« AnteriorContinuar »
authorize conspiracies and rebellions; to put the sword into the people's hands, and the like, tending to the subversion of all government, which is the ordinance of God: for this is but to dash the first table against the second ; and so to consider men as Christians, as we forget that they are men. Lucretius the poet, when he beheld the act of Agamemnon, that could endure the sacrificing of his own daughter, exclaimed,
“ Tantum relligio potuit suadere malorum."
What would he have said if he had known of the massacre in France, or the powder treason of England? He would have been seven times more epicure and atheist than he was: for as the temporal sword is to be drawn with great circumspection in cases of religion, so it is a thing monstrous to put it into the hands of the common people ; let that be left unto the anabaptists, and other furies. · It was great blasphemy when the devil said, “I will as“cend and be like the Highest ;” but it is greater blasphemy to personate God, and bring him in saying, “ I will descend, and be like the “ prince of darkness :" and what is it better
to make the cause of religion to descend to the cruel and execrable actions of murdering princes, butchery of people, and subversion of states and governments ? Surely this is to bring down the Holy Ghost, instead of the likeness of a dove, in the shape of a vulture or raven ; and to set out of the bark of a Christian church a flag of a bark of pirates and assassins: therefore it is most necessary, that the church by doctrine and decree; princes by their sword; and all learnings, both christian and moral, as by their mercury rod to damn, and send to hell for ever those facts and opinions tending to the support of the same, as hath been already in good part done. Surely in councils concerning religion, that counsel of the Apostle would be prefixed, “ Ira hominis non implet justitiam Dei :" and it was a notable observation of a wise father, and no less ingenuously confessed, that those, which held and persuaded pressure of consciences, were commonly interested therein themselves for their own ends.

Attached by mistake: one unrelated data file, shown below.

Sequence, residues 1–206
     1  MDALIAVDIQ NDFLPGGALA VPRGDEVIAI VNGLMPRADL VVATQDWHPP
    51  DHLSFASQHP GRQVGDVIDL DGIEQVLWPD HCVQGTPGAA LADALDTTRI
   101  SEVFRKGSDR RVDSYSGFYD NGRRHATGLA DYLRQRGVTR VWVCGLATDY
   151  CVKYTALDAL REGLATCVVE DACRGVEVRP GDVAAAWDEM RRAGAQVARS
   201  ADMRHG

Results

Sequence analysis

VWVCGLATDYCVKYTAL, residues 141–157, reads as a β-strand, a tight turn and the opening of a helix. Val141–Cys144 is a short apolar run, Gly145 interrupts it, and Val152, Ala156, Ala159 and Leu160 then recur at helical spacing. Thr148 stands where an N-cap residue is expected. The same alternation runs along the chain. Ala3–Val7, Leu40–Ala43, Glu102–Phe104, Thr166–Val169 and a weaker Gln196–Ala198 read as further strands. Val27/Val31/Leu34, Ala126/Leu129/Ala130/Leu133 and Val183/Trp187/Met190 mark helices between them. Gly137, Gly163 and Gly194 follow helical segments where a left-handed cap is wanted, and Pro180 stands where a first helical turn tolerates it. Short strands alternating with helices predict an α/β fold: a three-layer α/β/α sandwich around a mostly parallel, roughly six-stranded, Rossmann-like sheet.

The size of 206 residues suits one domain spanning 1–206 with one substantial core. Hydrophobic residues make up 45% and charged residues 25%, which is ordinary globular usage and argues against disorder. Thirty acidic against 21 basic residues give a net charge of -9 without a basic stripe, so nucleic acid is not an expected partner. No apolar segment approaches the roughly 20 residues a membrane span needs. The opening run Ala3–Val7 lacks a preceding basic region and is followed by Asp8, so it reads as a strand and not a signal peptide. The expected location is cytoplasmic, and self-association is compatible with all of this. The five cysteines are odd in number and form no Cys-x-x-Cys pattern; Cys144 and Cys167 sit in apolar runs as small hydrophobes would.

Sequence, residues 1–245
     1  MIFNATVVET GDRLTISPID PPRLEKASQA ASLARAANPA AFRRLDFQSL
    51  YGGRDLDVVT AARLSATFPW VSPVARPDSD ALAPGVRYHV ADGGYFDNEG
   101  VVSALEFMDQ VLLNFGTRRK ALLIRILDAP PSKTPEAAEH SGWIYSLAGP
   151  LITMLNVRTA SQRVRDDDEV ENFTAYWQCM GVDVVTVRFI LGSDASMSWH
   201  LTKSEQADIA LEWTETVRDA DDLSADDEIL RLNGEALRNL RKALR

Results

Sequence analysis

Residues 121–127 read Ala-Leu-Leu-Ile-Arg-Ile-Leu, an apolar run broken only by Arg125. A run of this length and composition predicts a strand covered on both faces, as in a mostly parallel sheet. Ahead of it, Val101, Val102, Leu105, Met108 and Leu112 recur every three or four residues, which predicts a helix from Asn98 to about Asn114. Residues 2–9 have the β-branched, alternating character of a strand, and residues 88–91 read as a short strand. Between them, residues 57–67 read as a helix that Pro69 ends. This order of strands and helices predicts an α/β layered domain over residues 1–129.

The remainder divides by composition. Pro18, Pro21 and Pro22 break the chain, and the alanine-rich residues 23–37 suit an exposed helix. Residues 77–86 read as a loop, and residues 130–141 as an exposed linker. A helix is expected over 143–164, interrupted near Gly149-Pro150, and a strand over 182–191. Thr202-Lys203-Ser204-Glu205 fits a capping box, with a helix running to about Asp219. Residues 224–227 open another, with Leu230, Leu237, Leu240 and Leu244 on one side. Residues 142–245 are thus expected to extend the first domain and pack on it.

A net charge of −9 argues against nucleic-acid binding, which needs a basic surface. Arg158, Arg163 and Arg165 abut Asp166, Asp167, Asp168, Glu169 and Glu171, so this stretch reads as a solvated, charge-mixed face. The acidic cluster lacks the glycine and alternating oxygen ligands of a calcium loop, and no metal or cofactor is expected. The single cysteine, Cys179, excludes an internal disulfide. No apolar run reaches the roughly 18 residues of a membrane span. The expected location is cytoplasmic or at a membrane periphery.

Revenge is a kind of wild justice, which the more man's nature runs to, the more ought law to weed it out; for as for the first
it doth but offend the law, but the revenge
of that wrong putteth the law out of office. Certainly in taking revenge a man is but even with his enemy; but in passing it over he is superior; for it is a prince's part to pardon : and Solomon, I am sure, saith, “ It is the
glory of a man to pass by an offence.” That which is past is gone and irrecoverable, and wise men have enough to do with things present and to come; therefore they do but trifle with themselves that labour in past matters. There is no man doth a wrong for the wrong's sake, but thereby to purchase himself profit, or pleasure, or honour, or the like; therefore why should I be angry with a man for loving himself better than me? And if any man should do wrong merely out of ill nature, why, yet it is but like the thorn or briar, which prick and scratch because they can do no other. The most tolerable sort of revenge is for those
wrongs which there is no law to remedy: but, then, let a man take heed the revenge be such as there is no law to punish, else a man's enemy is still beforehand, and it is two for
Some when they take revenge are desirous the party should know when it cometh: this is the more generous; for the delight seemeth to be not so much in doing the hurt as in making the party repent: but base and crafty cowards are like the arrow that fieth in the dark. Cosmus, duke of Florence, had a desperate saying against perfidious or neglecting friends, as if those wrongs were unpardonable. “You shall read," saith he, “ that we are “ commanded to forgive our enemies, but you
never read that we are commanded to forgive “ our friends.” But yet the spirit of Job was in a better tune: “Shall we,” saith he, " take good “ at God's hands, and not be content to take “ evil also?" and so of friends in a proportion. This is certain, that a man that studieth revenge keeps his own wounds green, which otherwise would heal and do well. Public revenges are for the most part fortunate; as that for the death of Cæsar; for the death of Pertinax; for the death of Henry the third of France; and
many more. But in private revenges it is not so; nay, rather vindicative persons live the life of witches; who, as they are mischievous, so end they unfortunate.
It was an high speech of Seneca, (after the manner of the Stoics), that the good things which belong to prosperity are to be wished, but the good things that belong to adversity are to be admired : “ Bona rerum secundarum “ optabilia, adversarum mirabilia.” Certainly if miracles be the command over nature, they appear most in adversity. It is yet a higher speech of his than the other, (much too high for a heathen), “ It is true greatness to have in “ one the frailty of a man, and the security of “ a God:” “Vere magnum habere fragilitatem o hominis, securitatem Dei,” This would have done better in poesy, where transcendencies are more allowed; and the poets, indeed, have been busy with it: for it is in effect the thing which is figured in that strange fiction of the ancient poets, which seemeth not to be with